Surely you know someone who empathizes with their dogs or cats more than they do with other humans, but what’s the cause of this puzzling paradox? Researchers from Northeastern University wanted to dig deeper into the reasons behind this phenomenon and found that some people appreciate and feel more compassion for dogs than for other human beings. This is especially true in circumstances of abuse.
Buzznews investigated a bit more about what these researchers had to say about the matter. We’ll share this with you so you can understand the love you feel for your pet.
What did the study look like?
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The study, which was published in the Society and Animals journal, was conducted by researchers Jack Levin and Arnold Arluke. They wanted to understand why some people care more about dogs than they do other humans. The experiment focused on testing whether people were more distressed by animal abuse or by that of another person.
According to a theory, the age of a victim would have a major influence on the decision of the participants of the study. However, examiners were surprised to discover that the species was also a determining factor for the reaction to abuse.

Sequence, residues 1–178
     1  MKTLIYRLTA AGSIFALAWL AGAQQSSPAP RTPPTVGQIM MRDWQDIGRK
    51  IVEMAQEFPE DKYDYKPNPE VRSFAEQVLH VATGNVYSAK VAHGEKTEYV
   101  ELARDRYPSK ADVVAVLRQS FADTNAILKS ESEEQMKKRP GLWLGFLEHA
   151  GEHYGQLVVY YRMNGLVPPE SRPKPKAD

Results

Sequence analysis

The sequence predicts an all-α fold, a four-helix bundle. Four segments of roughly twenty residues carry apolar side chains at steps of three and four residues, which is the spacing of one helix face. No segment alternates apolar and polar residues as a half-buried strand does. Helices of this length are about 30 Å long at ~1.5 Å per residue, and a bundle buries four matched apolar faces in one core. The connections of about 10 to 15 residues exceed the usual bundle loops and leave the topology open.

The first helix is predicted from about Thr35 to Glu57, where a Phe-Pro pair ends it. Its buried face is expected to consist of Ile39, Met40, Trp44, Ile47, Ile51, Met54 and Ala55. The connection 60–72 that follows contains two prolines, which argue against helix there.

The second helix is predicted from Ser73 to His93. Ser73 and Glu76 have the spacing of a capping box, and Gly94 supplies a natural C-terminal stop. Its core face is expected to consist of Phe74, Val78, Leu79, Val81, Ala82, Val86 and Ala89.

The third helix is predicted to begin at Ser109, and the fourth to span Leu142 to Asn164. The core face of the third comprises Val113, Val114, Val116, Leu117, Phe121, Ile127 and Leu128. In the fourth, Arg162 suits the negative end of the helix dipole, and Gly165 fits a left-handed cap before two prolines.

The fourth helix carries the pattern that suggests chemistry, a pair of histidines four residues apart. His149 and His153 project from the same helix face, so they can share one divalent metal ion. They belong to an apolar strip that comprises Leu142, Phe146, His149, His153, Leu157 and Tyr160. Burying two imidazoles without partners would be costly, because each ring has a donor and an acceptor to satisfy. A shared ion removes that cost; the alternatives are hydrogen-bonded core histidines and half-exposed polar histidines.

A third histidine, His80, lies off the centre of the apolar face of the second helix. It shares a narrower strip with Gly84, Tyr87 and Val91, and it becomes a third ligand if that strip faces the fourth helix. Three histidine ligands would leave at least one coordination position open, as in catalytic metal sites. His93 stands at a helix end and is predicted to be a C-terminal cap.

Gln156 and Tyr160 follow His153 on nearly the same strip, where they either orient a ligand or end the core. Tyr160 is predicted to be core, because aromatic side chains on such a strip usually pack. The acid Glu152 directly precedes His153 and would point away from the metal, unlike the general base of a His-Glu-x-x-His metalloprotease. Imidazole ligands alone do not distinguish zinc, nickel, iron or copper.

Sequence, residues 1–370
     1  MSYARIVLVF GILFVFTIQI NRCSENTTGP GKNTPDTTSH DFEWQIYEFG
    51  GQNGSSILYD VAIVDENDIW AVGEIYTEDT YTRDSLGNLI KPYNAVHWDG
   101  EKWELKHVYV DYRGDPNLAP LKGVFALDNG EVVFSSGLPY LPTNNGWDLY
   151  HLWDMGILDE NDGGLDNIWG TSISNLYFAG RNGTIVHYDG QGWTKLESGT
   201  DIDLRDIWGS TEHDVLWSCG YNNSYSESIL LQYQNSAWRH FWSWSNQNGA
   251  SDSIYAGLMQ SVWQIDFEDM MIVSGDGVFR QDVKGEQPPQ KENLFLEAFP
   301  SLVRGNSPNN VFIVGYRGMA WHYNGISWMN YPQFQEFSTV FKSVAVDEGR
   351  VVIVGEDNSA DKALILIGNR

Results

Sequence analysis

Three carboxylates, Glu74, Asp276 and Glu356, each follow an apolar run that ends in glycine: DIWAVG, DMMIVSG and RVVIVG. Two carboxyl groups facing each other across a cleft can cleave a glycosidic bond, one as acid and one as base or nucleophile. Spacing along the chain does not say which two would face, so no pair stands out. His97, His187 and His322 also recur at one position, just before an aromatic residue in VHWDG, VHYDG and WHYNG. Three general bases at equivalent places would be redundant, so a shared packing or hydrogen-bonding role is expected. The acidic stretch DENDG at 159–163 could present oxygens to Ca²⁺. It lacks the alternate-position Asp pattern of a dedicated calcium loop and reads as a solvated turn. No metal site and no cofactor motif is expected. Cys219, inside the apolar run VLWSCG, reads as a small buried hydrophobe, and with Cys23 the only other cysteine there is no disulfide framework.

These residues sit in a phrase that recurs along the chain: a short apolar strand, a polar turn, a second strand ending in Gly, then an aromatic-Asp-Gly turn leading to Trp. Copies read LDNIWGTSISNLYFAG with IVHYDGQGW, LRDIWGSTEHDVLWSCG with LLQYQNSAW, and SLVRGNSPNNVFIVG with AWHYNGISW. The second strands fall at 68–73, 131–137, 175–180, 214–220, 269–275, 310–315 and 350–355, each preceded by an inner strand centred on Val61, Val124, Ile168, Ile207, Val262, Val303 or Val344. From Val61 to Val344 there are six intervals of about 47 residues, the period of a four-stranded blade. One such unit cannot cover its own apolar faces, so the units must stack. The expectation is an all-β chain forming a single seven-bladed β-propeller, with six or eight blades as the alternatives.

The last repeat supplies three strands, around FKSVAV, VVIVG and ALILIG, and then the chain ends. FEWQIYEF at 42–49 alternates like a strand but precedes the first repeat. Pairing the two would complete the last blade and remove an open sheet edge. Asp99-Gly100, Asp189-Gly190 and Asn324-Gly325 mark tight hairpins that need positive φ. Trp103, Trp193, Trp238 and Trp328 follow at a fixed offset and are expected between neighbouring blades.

The method they used
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To understand this phenomenon, 240 students were asked to manifest their level of empathy during unusual situations like an adult or child being harshly beaten with a baseball bat or a puppy or adult dog also being abused. These scenarios were “reported” in false news. Those who read the stories of the child, the puppy, and the adult dog exhibited more anguish and compassion than those who read just the one about the adult.
Why people appreciate their pets more
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The authors of the study point out that humans tend to be more disturbed about animals suffering than about human pain. The reaction only changes when the victim of the abuse is a child. This may be because many people consider dogs to be vulnerable no matter their age, whereas adult humans are believed to have the capacity to protect and defend themselves. It may also be because people see dogs as babies or members of their family.
The study found that the age of the victim is a crucial factor for the reaction of people seeing humans being abused, but not for dogs or animals being mistreated. It also revealed that humans are more prone to show empathy if the victims aren’t able to defend themselves.
However, although many people have a close relationship with their pets and claim to have a more profound connection with them than other humans, it can’t be determined if distress will always be the reaction toward animal victims. Opinions about these creatures vary from person to person and in turn, the results may show many contradictions.